A simple idea to help women see themselves in STEM

Professor NaLette Brodnax of Georgetown’s McCourt School of Public Policy recently shared the results of a “nudging” experiment finding that incoming college freshman who better understood how technology courses aligned with their interests were more likely to sign up for courses in the field.

For the study, Brodnax created brochures with course selection information organized in a way that shows how a technology class would align with the student’s interests and degree requirements. The brochures were incorporated in the academic advising process of Indiana University’s freshman orientation. Brodnax found that students who received the brochure were more likely to register for a technology course, and she plans to track the intervention’s longer-term impact by analyzing whether students who participated in the study eventually decide to major in computer science or engineering.

“What led me to this intervention was a survey of all of the women on campus showing that they became more interested in technology as they matriculated. The thought was if we can introduce them to it early as freshman then, if they’re interested in it, they’ll be more likely to choose that as a major,” says Brodnax.

Women significantly underrepresented in computer science, engineering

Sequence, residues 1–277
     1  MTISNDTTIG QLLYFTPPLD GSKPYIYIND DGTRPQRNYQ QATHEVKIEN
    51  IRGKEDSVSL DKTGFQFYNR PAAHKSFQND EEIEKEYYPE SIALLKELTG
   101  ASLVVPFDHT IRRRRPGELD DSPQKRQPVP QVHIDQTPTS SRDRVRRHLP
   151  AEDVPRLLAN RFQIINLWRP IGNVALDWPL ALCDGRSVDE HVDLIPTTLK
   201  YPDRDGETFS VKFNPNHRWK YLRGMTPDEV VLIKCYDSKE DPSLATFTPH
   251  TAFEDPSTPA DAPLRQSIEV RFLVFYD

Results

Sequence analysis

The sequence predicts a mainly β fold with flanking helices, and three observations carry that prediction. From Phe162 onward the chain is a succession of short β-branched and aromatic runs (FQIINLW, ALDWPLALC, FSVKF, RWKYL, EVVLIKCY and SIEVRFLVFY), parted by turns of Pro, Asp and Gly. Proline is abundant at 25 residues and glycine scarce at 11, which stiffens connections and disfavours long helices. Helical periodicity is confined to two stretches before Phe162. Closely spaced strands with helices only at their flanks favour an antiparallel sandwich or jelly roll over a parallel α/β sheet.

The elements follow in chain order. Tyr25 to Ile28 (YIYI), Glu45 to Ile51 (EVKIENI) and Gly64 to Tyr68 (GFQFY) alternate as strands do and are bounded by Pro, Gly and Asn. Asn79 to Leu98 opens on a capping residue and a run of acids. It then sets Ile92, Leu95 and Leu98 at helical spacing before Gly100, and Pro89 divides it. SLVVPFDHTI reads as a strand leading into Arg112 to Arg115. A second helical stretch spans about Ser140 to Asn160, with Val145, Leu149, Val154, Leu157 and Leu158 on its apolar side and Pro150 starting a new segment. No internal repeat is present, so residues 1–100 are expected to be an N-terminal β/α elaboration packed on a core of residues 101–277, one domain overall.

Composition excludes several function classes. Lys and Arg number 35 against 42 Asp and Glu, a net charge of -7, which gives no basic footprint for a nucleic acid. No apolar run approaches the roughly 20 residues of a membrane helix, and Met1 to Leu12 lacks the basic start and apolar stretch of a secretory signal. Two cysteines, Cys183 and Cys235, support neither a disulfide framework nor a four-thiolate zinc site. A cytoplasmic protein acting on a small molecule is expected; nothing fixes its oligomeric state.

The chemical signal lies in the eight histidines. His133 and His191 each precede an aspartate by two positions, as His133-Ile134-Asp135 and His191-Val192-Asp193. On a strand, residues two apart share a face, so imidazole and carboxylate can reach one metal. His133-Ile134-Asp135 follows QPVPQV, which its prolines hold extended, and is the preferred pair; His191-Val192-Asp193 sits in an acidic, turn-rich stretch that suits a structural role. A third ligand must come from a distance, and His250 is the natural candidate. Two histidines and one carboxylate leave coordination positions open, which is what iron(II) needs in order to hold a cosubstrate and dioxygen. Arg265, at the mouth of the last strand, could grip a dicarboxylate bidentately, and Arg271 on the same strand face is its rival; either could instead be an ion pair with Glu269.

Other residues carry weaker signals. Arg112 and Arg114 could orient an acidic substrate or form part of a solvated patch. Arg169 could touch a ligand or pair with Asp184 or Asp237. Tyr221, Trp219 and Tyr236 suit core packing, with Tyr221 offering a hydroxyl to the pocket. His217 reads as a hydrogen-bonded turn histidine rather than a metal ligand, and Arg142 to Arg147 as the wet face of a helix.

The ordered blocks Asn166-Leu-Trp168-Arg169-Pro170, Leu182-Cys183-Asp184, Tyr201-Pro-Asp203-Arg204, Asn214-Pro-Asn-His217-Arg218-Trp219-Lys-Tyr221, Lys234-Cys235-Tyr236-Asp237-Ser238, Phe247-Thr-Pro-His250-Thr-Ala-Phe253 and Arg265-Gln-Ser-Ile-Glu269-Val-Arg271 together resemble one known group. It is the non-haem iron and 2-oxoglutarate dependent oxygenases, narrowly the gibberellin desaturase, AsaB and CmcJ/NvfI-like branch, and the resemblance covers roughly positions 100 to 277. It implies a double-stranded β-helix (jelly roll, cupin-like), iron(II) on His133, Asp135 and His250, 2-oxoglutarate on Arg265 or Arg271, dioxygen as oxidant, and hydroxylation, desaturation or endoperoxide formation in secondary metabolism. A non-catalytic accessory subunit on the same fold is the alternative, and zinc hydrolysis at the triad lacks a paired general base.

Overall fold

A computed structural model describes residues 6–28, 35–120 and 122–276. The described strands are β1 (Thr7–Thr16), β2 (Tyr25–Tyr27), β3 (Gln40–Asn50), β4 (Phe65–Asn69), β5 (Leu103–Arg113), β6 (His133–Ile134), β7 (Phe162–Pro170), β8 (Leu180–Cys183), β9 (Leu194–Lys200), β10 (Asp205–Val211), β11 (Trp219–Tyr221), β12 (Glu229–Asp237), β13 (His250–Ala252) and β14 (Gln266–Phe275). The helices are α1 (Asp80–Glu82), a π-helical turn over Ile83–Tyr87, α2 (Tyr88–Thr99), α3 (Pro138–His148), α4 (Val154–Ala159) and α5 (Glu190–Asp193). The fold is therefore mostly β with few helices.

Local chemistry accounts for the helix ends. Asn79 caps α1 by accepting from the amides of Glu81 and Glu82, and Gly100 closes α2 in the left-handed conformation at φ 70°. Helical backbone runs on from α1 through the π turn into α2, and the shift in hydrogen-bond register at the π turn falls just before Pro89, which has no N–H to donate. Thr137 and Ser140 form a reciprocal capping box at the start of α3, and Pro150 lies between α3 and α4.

The share of technology and engineering degrees awarded to women has been declining since the 1980s. According to the National Science Foundation, women in the U.S. have earned 57 percent of bachelor’s degrees since the late 1990s, but only 20 percent of computer science and engineering degrees. 

Schools have tried to increase women’s participation in STEM programs by restructuring curricula or sponsoring students to attend conferences with women technologists, but these solutions can be difficult and/or expensive to implement for large student bodies. Brodnax notes that her brochure, on the other hand, costs about 70 cents per student, offering a cost-effective way to expose more women to STEM courses. “My hope is the impact of this intervention will be at a much broader scale, and that we’ll be casting a wider net for women who are interested in technology but don’t get the exposure early enough,” Brodnax says.

Georgetown Professor NaLette Brodnax on increasing women’s participation in STEM

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